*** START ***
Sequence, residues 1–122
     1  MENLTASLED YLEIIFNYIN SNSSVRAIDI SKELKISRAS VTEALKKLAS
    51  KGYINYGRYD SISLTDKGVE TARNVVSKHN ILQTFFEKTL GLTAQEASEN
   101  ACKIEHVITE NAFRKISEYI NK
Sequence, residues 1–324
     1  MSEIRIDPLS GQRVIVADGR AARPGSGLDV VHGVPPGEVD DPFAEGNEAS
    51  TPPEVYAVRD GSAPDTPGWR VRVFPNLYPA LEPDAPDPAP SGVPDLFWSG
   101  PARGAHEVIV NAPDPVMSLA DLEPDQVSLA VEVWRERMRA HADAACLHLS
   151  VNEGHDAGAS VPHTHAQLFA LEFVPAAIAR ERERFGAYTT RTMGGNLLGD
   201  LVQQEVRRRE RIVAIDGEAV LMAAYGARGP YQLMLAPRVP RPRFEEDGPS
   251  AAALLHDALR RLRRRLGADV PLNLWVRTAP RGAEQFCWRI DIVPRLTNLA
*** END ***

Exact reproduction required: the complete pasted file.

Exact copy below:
Sequence, residues 1–122
     1  MENLTASLED YLEIIFNYIN SNSSVRAIDI SKELKISRAS VTEALKKLAS
    51  KGYINYGRYD SISLTDKGVE TARNVVSKHN ILQTFFEKTL GLTAQEASEN
   101  ACKIEHVITE NAFRKISEYI NK
Sequence, residues 1–324
     1  MSEIRIDPLS GQRVIVADGR AARPGSGLDV VHGVPPGEVD DPFAEGNEAS
    51  TPPEVYAVRD GSAPDTPGWR VRVFPNLYPA LEPDAPDPAP SGVPDLFWSG
   101  PARGAHEVIV NAPDPVMSLA DLEPDQVSLA VEVWRERMRA HADAACLHLS
   151  VNEGHDAGAS VPHTHAQLFA LEFVPAAIAR ERERFGAYTT RTMGGNLLGD
   201  LVQQEVRRRE RIVAIDGEAV LMAAYGARGP YQLMLAPRVP RPRFEEDGPS
   251  AAALLHDALR RLRRRLGADV PLNLWVRTAP RGAEQFCWRI DIVPRLTNLA